NPAS

National Police Air Service (NPAS)

PCC West Yorkshire

Background

Having a lead model means that NPAS is led and owned by the police service locally and delivers the operational benefits and financial savings that have been presented nationally to individual policing bodies.

NPAS operates under a National Collaboration Agreement covering all the policing bodies in England and Wales. It is supported by the relevant legislation in the form of the Police (Collaboration:Specified Function) Order 2012, under Section 23FA of the Police Act 1996, specifying air support as a critical national function to be carried out through a single national collaboration agreement.

Therefore all policing bodies and forces in England and Wales will be expected to join NPAS to ensure a truly national service. It is being implemented in a regional phased approach from October 2012 through to January 2015.


The fact that NPAS was approved and introduced by the last government – WYPA approved the proposal to host NPAS in August 2012

The Police and Crime Commissioner of West Yorkshire, Mark Burns Williamson, plays a lead role in the governance of the National Police Air Service (NPAS) and chairs the Strategic Board.  Because NPAS is a concept rather than a legal entity, it cannot own property or employ people - this has to be done by the PCC and the CC in West Yorkshire on behalf of the rest of England and Wales.  The OPCC owns the airframes and the contracts under which NPAS operates while the CC is the employer of the staff.

In 2009, the Association of Chief Police Officers (ACPO) undertook a review of the 1993 National Air Operations Strategy. The review concluded that the existing arrangements for delivery of air support were highly fragmented and did not provide value for money.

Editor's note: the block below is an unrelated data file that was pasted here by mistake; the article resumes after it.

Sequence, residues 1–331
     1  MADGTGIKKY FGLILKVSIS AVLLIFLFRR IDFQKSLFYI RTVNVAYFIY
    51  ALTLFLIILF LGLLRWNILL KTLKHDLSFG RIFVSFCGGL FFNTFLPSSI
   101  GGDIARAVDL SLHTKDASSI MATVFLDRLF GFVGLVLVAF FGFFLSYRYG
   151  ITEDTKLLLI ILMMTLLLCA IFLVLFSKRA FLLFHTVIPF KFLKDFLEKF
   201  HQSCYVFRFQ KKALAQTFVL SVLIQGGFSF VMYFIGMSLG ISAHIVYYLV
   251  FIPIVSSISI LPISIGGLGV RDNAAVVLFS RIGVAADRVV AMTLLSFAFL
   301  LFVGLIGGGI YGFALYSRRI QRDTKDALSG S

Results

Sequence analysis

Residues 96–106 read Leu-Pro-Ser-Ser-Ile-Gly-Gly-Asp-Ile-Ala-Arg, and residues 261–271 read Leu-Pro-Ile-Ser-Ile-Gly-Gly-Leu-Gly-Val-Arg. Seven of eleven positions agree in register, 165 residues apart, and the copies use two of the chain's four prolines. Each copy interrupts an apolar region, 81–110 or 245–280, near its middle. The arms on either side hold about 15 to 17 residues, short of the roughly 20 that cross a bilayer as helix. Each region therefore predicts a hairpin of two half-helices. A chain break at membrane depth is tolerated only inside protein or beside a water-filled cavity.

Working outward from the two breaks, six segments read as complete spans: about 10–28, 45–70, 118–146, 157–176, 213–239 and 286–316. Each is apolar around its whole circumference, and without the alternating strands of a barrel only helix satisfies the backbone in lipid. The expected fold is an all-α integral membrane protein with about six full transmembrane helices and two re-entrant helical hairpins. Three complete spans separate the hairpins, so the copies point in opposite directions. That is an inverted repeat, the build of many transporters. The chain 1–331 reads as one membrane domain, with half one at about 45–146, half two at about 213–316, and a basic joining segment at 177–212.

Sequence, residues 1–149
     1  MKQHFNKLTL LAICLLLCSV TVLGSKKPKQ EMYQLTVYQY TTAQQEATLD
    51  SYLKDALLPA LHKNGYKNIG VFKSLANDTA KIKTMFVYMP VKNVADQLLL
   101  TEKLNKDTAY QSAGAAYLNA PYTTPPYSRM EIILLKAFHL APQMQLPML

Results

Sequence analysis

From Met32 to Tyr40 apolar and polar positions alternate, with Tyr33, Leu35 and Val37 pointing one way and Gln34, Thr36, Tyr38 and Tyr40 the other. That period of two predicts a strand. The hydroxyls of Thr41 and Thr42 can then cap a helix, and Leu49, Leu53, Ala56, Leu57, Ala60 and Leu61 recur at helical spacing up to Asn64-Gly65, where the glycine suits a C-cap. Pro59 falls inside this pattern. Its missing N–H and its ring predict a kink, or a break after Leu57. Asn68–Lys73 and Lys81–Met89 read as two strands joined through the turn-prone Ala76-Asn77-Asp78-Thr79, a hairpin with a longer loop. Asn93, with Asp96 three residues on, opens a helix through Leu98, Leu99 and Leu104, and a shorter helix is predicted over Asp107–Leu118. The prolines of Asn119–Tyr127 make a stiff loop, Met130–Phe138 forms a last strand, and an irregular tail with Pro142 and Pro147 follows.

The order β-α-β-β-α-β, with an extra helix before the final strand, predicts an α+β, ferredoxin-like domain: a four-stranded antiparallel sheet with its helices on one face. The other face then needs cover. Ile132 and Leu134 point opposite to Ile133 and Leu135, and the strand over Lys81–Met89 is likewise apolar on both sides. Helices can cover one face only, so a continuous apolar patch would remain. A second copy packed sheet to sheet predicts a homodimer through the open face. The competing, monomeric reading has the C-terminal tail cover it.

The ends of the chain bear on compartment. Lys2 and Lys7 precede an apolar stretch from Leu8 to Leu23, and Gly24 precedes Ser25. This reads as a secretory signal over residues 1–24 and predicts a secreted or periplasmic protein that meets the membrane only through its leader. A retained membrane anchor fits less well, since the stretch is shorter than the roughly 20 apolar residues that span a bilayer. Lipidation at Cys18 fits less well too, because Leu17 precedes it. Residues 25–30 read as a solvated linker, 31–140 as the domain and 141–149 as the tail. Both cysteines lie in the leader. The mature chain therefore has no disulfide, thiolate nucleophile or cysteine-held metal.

In October 2010, Chief Constable Alex Marshall, in his capacity as the Aviation Portfolio holder for ACPO, presented a paper at the Chief Constables’ Council setting out the proposal for a National Police Air Service (NPAS). The underlying principle of NPAS is that it is a national service, regionally co-ordinated for local delivery.

NPAS has been fully endorsed by all chief constables and has strong ministerial support.


How WYP and WYPCC have taken on the responsibility and risk for NPAS

Mr Burns Williamson underlines how crucial the service is nationwide.

“The National Police Air Service is now embedded within West Yorkshire's policing arrangements and is a critical service,” he said.

“Once fully up and running, with the continued support of the Home Office, NPAS will be able to reach 98 per cent of the population within 20 minutes flying time and has been designed to at least £15million a year in its first phase.
“The concept of the National Police Air Service was developed in 2009 and the vision is for it to become the leading public provider of high quality aviation to policing and, hopefully, other blue light services as well.
“So far significant savings have already been made with NPAS, with renegotiated insurance arrangements saving over £1million in West Yorkshire, and an estimated £15million saving across England and Wales because we want to be able to provide a more efficient and effective policing capability from the air.

“However, it's important to note that work is ongoing to achieve full implementation across England and Wales in establishing the full operational benefits and delivery model for all our communities and their differing needs.
“We want to deliver a national service that maximises the benefits of air support to the delivery of frontline services. I am proud that the work our police force as lead, the national project team and my own office have done so far to deliver a service that operates across force boundaries to ensure communities across England and Wales are safer and feel safer.”

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